When Shaquille O’Neal first broke onto the scene, he was a force unlike any other than the league had ever seen. And the Orlando Magic’s 7-footer enjoyed showing off this level of dominance by destroying a number of backboards.
When he took the rim down, though, it resulted in lengthy delays as crews would need to come in and set up another basket. The NBA rectified these thunderous dunks by penalizing the perpetrator with technical fouls for destroying backboards and rims.
Eddie Stanky And Distractions
Major League infielders have to be prepared for a batter to hit a laser line drive in their direction. Eddie Stanky, who largely played for the Dodgers and Braves in the ’40s and ’50s seemingly wasn’t as concerned as other infielders.
The second basemen made a point of jumping and waving his hands to affect the sightlines of the batter. His annoying antics eventually gained the notice of the MLB who banned infielders from doing anything to disrupt the player in the batter’s box.
Tiger Woods And Dominance
Soon after he joined the PGA Tour in 1996, Tiger Woods began to dominate the rest of the field. He was so dominant that some tournaments became non-competitive. Woods won the Masters in 2001 by 12 strokes.
In an effort to slow the golfer down, Augusta narrowed the fairway, allowed the rough to grow and incorporated other ideas to make the course harder. While the changes did hurt Woods, they also hurt all the other golfers playing the course as well.
Bobby Hull And Banana Blades
When the sport of hockey first began, the blade of the stick wasn’t curved at all. In the 1950’s and 60’s Blackhawks star Bobby Hull began to experiment with curving the stick into what were called "banana blades."
The banana blades created all kinds of chaos as stars like Hull were able to curve and manipulate the puck in new ways. The NHL stepped in and restricted the way each stick’s blade could be manipulated.
Bob Gibson And Flat Mounds
With a career ERA of 2.91, the St. Louis Cardinals’ Bob Gibson was very hard to hit. But in 1968, he took being hard to hit to an entirely new level. The right-hander had an ERA of 1.12 and the Cards made the World Series.
With pitchers, and especially Gibson, becoming so difficult to hit, MLB decided that they had to make a change. During the next season, the mound was lowered 5 inches to try to take some velocity off the ball.
Wayne Gretzky And Dominance
Wayne Gretzky and his Edmonton Oiler teams were nearly unstoppable. When there was a penalty simultaneously called on both teams and the game went to 4 on 4 or 3 on 3, somehow, they became even more unstoppable.
In those cases, the ice was wide open and players like Gretzky, Mark Messier, Jari Kurri, and Esa Tikkanen scored in bunches. To try to control the Oilers a little bit, the NHL declared that when penalties were called on both teams, the matchup would remain 5 on 5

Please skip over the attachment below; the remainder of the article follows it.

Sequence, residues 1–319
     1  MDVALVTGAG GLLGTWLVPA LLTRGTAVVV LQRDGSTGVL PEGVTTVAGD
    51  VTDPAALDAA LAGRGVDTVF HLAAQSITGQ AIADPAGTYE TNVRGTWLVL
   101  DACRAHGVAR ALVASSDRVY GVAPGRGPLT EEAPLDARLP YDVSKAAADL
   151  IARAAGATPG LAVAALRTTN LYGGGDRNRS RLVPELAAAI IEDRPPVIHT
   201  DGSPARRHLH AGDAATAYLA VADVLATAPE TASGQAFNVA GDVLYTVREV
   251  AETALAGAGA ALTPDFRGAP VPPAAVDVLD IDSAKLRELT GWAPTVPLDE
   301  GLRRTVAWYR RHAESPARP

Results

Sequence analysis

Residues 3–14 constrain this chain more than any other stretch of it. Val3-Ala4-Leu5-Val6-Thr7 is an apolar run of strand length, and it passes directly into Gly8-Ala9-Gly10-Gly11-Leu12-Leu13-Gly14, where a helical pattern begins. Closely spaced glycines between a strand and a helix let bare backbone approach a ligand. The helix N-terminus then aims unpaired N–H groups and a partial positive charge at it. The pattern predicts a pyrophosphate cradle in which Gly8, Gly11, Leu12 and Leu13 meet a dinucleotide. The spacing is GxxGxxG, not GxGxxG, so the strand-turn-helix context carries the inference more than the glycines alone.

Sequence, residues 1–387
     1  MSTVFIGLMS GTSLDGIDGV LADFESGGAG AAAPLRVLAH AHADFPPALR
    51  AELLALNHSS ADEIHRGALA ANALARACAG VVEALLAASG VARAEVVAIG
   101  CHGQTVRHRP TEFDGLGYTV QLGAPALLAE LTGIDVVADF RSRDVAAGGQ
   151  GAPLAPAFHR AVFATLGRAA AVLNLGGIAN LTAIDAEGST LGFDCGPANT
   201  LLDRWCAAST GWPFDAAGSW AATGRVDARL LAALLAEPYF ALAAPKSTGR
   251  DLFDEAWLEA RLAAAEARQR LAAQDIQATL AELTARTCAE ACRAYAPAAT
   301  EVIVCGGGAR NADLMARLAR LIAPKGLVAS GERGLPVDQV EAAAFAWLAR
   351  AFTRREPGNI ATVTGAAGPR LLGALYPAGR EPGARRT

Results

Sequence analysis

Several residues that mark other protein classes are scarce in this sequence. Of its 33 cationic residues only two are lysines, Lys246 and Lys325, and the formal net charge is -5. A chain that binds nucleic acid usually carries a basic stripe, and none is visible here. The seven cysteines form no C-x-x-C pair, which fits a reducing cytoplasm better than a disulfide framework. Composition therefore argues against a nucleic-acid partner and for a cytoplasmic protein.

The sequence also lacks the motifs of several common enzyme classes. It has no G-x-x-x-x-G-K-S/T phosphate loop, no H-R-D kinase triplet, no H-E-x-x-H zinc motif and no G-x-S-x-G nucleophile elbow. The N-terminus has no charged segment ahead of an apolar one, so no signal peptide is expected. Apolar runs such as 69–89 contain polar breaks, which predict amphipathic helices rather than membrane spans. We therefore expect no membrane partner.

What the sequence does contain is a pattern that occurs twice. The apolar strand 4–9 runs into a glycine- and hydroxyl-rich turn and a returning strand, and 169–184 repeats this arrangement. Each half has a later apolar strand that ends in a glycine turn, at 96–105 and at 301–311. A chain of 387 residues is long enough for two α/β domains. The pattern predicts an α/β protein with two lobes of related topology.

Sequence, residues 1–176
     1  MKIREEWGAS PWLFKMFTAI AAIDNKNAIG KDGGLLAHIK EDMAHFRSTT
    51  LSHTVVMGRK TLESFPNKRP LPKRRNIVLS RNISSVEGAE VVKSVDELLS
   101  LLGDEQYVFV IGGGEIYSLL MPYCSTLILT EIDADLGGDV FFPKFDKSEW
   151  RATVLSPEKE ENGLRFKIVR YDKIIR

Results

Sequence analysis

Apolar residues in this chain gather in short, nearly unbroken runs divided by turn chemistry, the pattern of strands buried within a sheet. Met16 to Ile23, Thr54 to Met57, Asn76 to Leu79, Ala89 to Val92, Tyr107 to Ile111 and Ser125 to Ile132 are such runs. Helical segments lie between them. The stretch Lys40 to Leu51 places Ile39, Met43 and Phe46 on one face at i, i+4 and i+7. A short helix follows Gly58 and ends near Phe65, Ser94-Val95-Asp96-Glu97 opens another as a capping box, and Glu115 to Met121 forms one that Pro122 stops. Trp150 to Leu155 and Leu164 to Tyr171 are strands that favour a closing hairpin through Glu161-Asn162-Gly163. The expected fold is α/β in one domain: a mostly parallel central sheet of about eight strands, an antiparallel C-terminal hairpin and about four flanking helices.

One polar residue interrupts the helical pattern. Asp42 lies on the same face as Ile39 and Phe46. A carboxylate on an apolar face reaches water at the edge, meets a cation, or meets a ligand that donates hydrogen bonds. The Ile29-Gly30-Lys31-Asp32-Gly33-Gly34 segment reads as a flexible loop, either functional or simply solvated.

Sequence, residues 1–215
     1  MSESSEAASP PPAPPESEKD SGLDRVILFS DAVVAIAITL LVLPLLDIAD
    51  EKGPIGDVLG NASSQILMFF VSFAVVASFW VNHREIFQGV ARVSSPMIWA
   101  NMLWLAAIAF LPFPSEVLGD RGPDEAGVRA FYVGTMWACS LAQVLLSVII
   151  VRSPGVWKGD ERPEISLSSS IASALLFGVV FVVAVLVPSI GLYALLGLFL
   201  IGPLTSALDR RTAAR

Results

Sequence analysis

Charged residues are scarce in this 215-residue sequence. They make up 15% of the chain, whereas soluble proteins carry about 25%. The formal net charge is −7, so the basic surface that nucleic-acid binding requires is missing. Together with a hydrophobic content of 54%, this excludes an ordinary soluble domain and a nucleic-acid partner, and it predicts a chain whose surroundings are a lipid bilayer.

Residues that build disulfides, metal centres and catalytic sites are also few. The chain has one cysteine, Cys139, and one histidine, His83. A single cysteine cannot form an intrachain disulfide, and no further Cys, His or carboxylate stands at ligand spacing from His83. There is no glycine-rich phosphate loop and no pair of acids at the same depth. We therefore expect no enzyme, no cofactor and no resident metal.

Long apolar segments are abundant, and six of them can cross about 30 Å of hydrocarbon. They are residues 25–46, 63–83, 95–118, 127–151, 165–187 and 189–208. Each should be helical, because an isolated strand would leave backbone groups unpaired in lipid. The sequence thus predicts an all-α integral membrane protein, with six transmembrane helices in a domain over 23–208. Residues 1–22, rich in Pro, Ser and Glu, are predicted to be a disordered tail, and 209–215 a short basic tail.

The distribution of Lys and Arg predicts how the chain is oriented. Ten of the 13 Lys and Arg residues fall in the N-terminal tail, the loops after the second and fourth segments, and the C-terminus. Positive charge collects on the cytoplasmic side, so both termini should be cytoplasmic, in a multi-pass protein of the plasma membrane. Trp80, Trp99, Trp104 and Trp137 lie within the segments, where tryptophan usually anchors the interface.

Morris Stroud And Field Goal Jumps
Morris Stroud was a semi-decent Tight End for the Kansas City Chiefs during the 1970’s. He was also an important part of Kansas City’s special teams unit. His specific role was attempting to block field goal attempts.
He didn’t block field goal attempts from the line of scrimage, though, he stood at the cross bar and attempted to jump for them. He was almost never successful, but the NFL didn’t like the method and passed a rule that all players attempting to block kicks must do so from the line.
Kareem Abdul-Jabbar And Slam Dunks
Lew Alcindor (who later became Kareem Abdul-Jabbar), grew up in New York City, but he chose to play his college basketball at UCLA. He was an almost unstoppable force there and slam dunked the basketball at will.
There was really no stopping Alcindor or the UCLA Bruins, but the NCAA still endeavored to try. The organization banned the dunk shot in 1967 and the ban remained in place for the next 10 years. It didn’t do much to stop UCLA.
Rob Ray And Fisticuffs
Unlike other sports, fighting in hockey is not only allowed, it is borderline encouraged. And Rob Ray, who played for Buffalo and Ottawa was one of the toughest guys around. He also built in a smart fighting advantage.
Ray sewed his pads into his jersey in hopes that his jersey would easily come off in a fight. Once the opponent couldn’t grab his jersey, he could throw punches at will. Soon, the NHL made it illegal for jerseys to come off in the process of a brawl.
Wilt Chamberlain And Free Throw Dunks
Wilt Chamberlain was an athlete that has almost never been seen before and may never be seen again. One way he showed off this athleticism was when he shot his free throws. Rather than shooting the ball, he would jump from the line and dunk it.
This was a smart strategy for Wilt the Stilt who only shot 51% from the line for his career. While this rule would only affect a very select few, the NBA soon declared that free throws must be shot behind the line.
Roger Neilson and Penalty Shots
Roger Neilson wasn’t actually a player, he was a successful NHL coach. And Neilson had some very interesting ideas on how his team should defend the opposing teams penalty shots.
For one thing, the coach sometimes used defensemen rather than goalies on penalty shots to try to disrupt the chance. He also had goaltenders leave their stick in front of the net when they came off for an extra skater. The NHL stepped in and made both of these practices illegal.